The application essay, or "Personal Comment", section is a vital part of your medical school application. It is also perhaps the most challenging. Members of medical school admission committees have access to your academic records and supporting materials; however, the personal statement is their only opportunity to get a sense of who you are at a personal level. Your task is to address your commitment and motivation to pursue a career in medicine and to make it "personal". When members of the admission committee are comparing applicants with similar academic credentials, your personal statement could be a very important deciding factor.
The first part of the question, "WHY DO YOU WANT TO BE A DOCTOR?" includes, "WHY YOU ?". What personal qualities do you possess that are important in the practice of medicine and the treatment of patients? You should indicate that you understand the challenges and the dedication needed to practice medicine. Who has influenced you and why? What do you value? What are you passionate about? Who are you?
Also included in the basic question is, "WHY A DOCTOR?". There are many challenging professions where you can help people, especially in health-care, so you need to specifically address why you want to be a physician. How did you come to this decision? What experiences have you had to confirm that this is a good decision for you? It is not meant to be list of what you have done, rather what you learned about others and yourself from those experiences. You have a valuable opportunity to outline your commitment to medicine and how this interest developed as you have matured.
A brief note about length: The AMCAS "Personal Comment" section for allopathic (M.D.) medical schools gives you about one page, single-spaced (5300 characters) for your statement. It is ill-advised to not take full advantage of space allowed and write only a brief one to two paragraph personal statement. Members of the admissions committee may assume that you think the personal essay section is unimportant because you know the rest of your application is stellar, or may assume that you lack significant experiences in your life to write about or that you have failed to learn anything from your experiences. Overall, this might indicate to them that you are unmotivated, you procrastinated, or that you just don't care.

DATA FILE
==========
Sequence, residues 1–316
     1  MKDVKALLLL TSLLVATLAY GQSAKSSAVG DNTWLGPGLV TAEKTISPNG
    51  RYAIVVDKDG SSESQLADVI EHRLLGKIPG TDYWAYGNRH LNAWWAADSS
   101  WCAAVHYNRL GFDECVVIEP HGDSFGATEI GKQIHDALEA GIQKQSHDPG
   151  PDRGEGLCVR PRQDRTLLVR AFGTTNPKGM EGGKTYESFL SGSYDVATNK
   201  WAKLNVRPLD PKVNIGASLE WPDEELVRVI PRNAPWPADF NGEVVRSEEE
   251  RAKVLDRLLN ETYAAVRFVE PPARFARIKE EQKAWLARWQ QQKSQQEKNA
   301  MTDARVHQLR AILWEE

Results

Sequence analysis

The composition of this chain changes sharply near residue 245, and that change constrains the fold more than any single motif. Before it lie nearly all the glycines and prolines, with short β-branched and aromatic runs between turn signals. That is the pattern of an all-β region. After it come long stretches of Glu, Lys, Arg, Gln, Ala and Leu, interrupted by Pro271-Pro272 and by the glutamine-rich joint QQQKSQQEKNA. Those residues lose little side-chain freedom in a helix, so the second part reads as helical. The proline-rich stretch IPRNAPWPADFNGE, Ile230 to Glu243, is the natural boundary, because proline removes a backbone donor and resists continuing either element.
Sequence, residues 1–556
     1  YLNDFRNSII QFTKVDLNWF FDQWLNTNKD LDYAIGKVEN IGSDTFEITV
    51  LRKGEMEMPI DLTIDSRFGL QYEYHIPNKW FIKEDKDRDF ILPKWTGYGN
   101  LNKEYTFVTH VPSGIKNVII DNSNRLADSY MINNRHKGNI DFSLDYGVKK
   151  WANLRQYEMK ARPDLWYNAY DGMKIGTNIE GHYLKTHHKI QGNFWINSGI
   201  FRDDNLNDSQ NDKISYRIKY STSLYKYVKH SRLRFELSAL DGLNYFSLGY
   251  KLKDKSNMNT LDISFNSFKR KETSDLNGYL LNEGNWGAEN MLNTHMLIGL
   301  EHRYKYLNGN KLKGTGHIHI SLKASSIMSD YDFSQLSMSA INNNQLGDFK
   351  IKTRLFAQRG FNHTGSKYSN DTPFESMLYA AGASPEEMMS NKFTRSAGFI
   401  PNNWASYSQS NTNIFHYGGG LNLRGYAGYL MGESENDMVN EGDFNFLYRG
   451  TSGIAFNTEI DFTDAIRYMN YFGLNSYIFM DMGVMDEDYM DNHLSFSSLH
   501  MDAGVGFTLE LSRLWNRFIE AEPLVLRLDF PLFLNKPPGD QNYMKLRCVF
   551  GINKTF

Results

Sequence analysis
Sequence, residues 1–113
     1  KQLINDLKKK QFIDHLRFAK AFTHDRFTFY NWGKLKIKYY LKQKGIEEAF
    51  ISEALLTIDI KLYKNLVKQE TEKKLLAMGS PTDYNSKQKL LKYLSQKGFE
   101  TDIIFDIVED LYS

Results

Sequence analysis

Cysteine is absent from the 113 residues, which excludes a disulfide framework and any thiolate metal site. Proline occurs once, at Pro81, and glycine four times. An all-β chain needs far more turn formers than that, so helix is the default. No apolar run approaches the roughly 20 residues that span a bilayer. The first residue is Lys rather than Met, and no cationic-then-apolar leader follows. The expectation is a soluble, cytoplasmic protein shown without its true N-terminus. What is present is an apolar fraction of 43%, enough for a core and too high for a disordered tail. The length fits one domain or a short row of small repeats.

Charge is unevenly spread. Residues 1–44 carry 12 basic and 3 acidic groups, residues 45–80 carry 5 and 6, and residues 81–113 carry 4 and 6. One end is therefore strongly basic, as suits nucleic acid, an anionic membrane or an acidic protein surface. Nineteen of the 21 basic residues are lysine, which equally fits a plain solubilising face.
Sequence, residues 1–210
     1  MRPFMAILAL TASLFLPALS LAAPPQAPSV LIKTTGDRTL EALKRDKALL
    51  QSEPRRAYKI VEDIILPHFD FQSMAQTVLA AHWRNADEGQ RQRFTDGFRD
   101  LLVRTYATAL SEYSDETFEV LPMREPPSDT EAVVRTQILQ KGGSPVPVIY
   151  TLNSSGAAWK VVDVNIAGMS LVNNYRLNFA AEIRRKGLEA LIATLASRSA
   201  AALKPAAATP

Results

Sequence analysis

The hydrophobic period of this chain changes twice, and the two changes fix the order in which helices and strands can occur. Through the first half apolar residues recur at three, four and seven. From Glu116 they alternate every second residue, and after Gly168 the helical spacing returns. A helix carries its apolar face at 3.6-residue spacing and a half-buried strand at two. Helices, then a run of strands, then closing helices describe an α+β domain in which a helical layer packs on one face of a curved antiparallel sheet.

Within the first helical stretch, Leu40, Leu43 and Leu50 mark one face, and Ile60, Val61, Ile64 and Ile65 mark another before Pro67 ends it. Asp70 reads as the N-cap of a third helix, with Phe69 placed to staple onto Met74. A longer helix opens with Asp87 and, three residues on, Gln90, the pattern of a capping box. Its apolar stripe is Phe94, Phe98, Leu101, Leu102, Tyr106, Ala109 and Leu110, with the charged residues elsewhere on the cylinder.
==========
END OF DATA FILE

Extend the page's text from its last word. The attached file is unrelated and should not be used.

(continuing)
AACOM essay: If you plan on applying to a College of Osteopathic medicine to become a D.O., the personal statement for the American Association of Colleges of Osteopathic Medicine Application Service (AACOMAS) must include an indication of why you are interested in osteopathic medicine specifically and your understanding of the osteopathic philosophy. It is important to shadow an osteopathic physician to learn more about the profession and their holistic approach to health-care. The AACOMAS personal statement is shorter than that of AMCAS, so you must write a much shorter, but effective, statement.
There are several resources available to ensure you write a quality personal statement:
University of Arkansas Liebolt Premedical Program: Personal Statement Writing Workshop
April and May (Times and dates TBA): Attendance is highly recommended.
University of Arkansas Quality Writing Center (QWC)
Department of English, 315 Kimpel Hall 575-6747
The QWC is a free service for University of Arkansas students to offer guidance in content and writing style. Individual one-on-one appointments can be set up by going to their website.
We also have members of the Premedical Advisory Committee who are available to read personal statements and provide feedback.
WEB SITE INFORMATION
The list of sites below are samples of the several million hits that come up when you do a Google search for "Medical School Personal Statements".
Sample essays and writing tips: Accepted.com
This site has sample essays, do's and don'ts, advice for secondary application essays, 10 secrets of good writing etc.
Stelzer, Richard (1997) How to write a Winning Personal Statement for Graduate and Professional School. Peterson Guides, Princeton, N.J.
Magee, Mike (2005) The 2006 Pfizer Medical School Manual. A Practical Guide to Getting Into Medical School. Spencer Books.